Leaving No One Behind illustrates that the starting point of sustainable development is social inequality; lessons from Haryana, India, demonstrate this point.
The experiences of Haryana show that although SDG policy coherence is important, a focus on policy coherence as an end goal without taking account of who decides and who benefits might pose serious risks of neglecting and even reinforcing institutionalized inequalities.
Leaving No One Behind is not just a principle, but an active implementation practice. It means that the poorest and most marginalized must be targeted first in pursuing the SDGs. Leaving No One Behind illustrates that the starting point of sustainable development is social inequality, which needs to be considered in the solution in order to achieve sustainable development on a tight 2030 deadline.
It is now 2020, and countries all over the world have been implementing the SDGs for the last four years, but progress towards SDG achievement is not yet evident. What are governments missing?
As part of my research on the effectiveness of the SDGs, I conducted fieldwork in Haryana, India in April-May 2019. I looked at the decision-making for SDG implementation, and its consequences for Leaving No One Behind. Haryana is located around 70 miles northwest from Delhi, in the direction of the Pakistan border.
The SDGs encompass the greatest challenges of our time, and therefore require transformational changes in governance. As part of the premise of all 17 Goals being of equal importance, countries have been conducting action plans for SDG achievement while stressing the importance of policy coherence for the Goals. Policy coherence means that the 17 Goals are interconnected and cannot be tackled in isolation from one another. Rather, they need to be implemented simultaneously and in conjunction with each other, so that no single SDG is prioritized over another, and everyone is included in the benefits.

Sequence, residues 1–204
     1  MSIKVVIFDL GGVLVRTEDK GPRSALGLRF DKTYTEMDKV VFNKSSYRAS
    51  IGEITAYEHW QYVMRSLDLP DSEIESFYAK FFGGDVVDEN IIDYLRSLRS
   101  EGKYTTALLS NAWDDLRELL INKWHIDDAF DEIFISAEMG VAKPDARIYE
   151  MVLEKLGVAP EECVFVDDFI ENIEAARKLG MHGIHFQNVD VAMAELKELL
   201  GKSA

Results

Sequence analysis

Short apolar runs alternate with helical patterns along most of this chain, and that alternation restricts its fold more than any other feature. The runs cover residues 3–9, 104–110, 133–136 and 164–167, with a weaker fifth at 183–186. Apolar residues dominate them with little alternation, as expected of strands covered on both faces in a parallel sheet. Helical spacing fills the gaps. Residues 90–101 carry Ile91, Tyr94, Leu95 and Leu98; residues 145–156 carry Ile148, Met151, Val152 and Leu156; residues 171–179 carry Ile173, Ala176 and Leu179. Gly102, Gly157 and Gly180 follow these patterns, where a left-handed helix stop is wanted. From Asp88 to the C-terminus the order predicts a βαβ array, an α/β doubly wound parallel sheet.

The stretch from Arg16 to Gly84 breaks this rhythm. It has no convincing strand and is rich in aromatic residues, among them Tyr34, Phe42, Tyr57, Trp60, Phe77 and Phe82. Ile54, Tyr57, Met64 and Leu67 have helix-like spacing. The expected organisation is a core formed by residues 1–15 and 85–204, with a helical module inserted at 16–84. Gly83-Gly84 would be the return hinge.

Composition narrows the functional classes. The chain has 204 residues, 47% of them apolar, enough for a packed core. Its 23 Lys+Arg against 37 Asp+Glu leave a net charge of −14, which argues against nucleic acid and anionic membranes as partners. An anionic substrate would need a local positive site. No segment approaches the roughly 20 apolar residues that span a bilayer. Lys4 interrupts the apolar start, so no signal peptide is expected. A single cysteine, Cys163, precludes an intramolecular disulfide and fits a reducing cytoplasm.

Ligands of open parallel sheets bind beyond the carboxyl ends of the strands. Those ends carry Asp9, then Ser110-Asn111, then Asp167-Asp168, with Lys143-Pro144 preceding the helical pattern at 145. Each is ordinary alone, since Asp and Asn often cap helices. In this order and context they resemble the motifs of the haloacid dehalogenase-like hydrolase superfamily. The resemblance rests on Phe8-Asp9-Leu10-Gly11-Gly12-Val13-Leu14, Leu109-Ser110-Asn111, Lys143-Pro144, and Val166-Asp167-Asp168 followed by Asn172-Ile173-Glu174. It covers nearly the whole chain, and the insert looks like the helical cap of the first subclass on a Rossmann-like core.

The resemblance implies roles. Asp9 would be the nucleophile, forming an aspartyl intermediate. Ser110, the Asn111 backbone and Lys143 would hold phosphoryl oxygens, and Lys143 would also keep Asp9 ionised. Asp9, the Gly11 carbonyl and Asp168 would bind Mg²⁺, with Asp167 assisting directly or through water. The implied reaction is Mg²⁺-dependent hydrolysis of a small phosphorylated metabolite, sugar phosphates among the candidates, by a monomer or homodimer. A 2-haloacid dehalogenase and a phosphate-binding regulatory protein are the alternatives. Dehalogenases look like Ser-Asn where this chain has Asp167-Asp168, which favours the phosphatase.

In reality, conversations on policy coherence have not paid sufficient attention to who is deciding what policy coherence looks like and who should be involved in the decision making. This raises risks of neglecting and even reinforcing underlying structural inequalities. Are countries, facing very different realities, managing to implement all 17 Goals without prioritizing a few of them? And if they are not managing this, are they still succeeding at Leaving No One Behind?
India makes an interesting case for SDG implementation due to its pioneering role in localizing the processes for sustainable development. Every state in India has crafted its own action plan for coherent SDG achievement, including Haryana State. Lessons from Haryana are important to consider and learn from: understanding how to make SDG implementation strategies successful and inclusive is relevant on a global scale and throughout all levels of decision making within society. Haryana is characterized by high levels of agricultural production and relatively high structural levels of gender inequality. As part of the documentation of its official governmental action plan, Haryana therefore pays special attention to strengthening the position of women in order to Leave No One Behind.